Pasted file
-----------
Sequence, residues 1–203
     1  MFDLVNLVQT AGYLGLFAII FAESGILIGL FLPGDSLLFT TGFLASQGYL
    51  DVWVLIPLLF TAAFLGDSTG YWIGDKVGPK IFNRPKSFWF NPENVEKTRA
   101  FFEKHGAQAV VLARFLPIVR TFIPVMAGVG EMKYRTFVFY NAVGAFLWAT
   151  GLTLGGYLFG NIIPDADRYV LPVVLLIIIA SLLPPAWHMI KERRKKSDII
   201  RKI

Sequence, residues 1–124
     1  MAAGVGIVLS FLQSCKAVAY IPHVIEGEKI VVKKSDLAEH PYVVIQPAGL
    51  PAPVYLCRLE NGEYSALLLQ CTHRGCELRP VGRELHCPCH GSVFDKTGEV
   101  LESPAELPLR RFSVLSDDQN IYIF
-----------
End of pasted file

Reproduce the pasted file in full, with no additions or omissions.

Sequence, residues 1–203
     1  MFDLVNLVQT AGYLGLFAII FAESGILIGL FLPGDSLLFT TGFLASQGYL
    51  DVWVLIPLLF TAAFLGDSTG YWIGDKVGPK IFNRPKSFWF NPENVEKTRA
   101  FFEKHGAQAV VLARFLPIVR TFIPVMAGVG EMKYRTFVFY NAVGAFLWAT
   151  GLTLGGYLFG NIIPDADRYV LPVVLLIIIA SLLPPAWHMI KERRKKSDII
   201  RKI

Sequence, residues 1–124
     1  MAAGVGIVLS FLQSCKAVAY IPHVIEGEKI VVKKSDLAEH PYVVIQPAGL
    51  PAPVYLCRLE NGEYSALLLQ CTHRGCELRP VGRELHCPCH GSVFDKTGEV
   101  LESPAELPLR RFSVLSDDQN IYIF